Leadership: Watch Your Manners

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March 10, 2010: The U.S. Navy has relieved six ship captains so far this year, more than twice the rate that it has been relieving them in the last few years. That, in turn, is an increase over the rate for the 1990s. Other strange things are happening. One of the most recent dismissals was unusual for two reasons. First, the dismissed captain was a woman, and, secondly, the navy gave the reason (abusive treatment of the crew, and the captains' demeanor and temperament). Complaints from the crew had been coming in for some time, and the captain was relieved as she was at the end of her tour of duty on the USS Cowpens, and in the process of turning over command to another officer. The dismissed captain went off to her next assignment, as a staff officer.

The navy rarely releases details of why the officers are relieved. But the usual reasons are character flaws of one kind or another. Running the ship aground is seen as a rather obvious failing, but it is not the most common one. Those would be cases involving "zipper control" (adultery with another officers' wife, or a subordinate). The British also relieve a lot of commanders, and are more forthcoming with the reasons. One British skipper got the sack recently for "bullying." That is similar to what happened on the Cowpens.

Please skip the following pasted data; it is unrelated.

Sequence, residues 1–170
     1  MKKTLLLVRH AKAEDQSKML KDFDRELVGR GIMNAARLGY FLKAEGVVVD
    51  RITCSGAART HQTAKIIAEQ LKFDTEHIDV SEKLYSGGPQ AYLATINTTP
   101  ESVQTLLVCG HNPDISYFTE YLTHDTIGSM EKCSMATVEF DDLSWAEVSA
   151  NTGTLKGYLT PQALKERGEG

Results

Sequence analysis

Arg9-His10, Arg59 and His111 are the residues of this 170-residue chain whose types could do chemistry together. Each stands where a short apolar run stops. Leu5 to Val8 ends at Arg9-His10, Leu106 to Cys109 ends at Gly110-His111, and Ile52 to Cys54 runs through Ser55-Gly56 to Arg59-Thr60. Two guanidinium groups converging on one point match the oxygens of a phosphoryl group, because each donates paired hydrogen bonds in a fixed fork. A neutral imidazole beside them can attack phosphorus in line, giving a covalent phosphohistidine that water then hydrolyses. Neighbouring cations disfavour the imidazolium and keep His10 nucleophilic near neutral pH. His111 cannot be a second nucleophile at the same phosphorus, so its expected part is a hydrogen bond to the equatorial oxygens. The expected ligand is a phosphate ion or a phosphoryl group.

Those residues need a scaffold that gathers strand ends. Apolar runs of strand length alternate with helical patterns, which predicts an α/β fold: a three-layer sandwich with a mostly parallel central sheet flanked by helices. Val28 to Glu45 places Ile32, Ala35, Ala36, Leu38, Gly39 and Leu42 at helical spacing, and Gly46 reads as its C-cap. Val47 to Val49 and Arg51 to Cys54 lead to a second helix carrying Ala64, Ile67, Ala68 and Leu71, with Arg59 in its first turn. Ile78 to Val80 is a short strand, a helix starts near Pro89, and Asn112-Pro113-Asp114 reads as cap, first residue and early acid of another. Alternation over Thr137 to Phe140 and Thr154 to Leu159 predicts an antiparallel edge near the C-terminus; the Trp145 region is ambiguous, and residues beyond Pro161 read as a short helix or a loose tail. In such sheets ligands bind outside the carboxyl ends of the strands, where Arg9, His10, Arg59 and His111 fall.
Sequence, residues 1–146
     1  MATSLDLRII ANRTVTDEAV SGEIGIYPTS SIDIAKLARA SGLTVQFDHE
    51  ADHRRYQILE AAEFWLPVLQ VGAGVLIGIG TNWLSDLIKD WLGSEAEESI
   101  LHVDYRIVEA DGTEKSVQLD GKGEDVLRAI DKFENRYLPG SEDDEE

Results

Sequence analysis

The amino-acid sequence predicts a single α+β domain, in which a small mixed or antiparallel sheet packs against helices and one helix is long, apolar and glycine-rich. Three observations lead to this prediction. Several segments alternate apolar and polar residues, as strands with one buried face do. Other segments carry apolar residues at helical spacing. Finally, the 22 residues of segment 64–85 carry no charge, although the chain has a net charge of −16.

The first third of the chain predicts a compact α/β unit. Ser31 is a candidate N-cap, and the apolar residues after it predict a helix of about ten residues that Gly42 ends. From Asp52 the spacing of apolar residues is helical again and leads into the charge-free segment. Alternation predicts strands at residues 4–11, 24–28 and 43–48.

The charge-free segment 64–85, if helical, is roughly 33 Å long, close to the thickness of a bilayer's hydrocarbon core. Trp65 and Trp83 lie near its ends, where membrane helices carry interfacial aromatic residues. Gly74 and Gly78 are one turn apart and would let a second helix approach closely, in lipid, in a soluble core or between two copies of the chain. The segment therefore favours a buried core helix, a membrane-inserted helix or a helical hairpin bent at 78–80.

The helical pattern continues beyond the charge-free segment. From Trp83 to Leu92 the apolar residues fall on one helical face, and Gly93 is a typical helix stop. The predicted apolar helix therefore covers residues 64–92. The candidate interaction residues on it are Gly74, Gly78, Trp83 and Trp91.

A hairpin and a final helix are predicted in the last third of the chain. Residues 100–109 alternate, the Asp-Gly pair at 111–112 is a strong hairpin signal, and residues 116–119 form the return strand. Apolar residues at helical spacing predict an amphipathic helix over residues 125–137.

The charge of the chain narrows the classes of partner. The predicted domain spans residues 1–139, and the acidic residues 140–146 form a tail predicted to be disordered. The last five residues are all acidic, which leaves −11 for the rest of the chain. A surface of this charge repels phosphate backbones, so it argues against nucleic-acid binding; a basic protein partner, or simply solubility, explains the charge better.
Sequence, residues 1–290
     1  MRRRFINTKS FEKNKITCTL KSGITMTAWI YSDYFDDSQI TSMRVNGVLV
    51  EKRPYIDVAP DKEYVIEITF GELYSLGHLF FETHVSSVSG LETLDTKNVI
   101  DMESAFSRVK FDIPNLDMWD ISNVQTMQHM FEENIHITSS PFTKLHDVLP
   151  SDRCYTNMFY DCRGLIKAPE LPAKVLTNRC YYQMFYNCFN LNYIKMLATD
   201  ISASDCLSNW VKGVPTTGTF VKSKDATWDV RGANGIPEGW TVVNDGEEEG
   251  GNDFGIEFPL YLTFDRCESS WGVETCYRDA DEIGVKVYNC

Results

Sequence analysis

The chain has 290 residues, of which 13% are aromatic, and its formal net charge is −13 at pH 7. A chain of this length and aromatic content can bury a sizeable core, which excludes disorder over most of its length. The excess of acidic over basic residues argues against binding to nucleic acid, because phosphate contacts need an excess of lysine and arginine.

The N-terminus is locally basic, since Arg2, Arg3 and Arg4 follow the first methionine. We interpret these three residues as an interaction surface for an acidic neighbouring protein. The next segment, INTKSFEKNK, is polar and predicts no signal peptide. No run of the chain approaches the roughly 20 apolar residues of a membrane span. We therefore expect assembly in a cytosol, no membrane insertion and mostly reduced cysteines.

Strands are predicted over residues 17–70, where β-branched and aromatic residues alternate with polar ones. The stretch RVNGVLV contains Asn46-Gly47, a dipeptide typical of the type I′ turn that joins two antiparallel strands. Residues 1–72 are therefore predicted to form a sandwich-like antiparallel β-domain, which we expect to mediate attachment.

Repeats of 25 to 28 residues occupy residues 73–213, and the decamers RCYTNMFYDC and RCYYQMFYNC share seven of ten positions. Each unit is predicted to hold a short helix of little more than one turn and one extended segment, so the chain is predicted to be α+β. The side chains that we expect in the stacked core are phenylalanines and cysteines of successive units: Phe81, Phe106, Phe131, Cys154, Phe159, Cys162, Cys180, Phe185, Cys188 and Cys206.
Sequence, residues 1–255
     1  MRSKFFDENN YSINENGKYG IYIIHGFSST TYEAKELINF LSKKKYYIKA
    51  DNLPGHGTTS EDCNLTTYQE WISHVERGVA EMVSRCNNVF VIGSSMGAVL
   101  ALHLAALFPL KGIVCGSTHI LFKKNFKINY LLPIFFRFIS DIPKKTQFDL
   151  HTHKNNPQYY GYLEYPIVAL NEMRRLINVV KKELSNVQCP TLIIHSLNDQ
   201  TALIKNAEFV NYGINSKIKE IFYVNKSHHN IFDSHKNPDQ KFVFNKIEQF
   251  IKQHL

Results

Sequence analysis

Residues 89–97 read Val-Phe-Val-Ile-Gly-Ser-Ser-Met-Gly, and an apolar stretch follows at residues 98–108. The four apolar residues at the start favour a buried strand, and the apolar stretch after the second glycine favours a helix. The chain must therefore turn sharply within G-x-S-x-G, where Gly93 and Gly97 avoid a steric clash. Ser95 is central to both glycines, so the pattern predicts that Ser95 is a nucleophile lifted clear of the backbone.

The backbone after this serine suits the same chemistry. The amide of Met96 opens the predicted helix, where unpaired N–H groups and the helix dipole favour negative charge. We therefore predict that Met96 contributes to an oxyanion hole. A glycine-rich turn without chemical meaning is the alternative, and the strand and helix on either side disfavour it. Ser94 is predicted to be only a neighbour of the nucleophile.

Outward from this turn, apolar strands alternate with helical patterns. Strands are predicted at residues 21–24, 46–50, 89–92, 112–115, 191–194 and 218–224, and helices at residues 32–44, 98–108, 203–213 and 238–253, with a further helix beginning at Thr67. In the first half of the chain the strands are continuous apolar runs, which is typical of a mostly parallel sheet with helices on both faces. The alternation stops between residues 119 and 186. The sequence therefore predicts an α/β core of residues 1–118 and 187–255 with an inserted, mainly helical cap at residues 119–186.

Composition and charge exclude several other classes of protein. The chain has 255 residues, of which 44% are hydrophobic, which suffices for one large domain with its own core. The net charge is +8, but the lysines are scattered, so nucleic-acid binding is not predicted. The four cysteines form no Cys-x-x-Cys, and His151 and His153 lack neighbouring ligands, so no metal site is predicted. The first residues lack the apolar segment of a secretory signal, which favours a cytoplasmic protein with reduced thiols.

In the last decade, the U.S. Navy has been relieving more commanders (of ships and units). In the first few years of the 21st century, the navy relieved 6-8 commanders a year. In 2003, that went up to seventeen, and the number has remained high every since. At the end of the Cold War, in the late 1980s, the rate was about a third less, and after the Cold War ended, it declined further.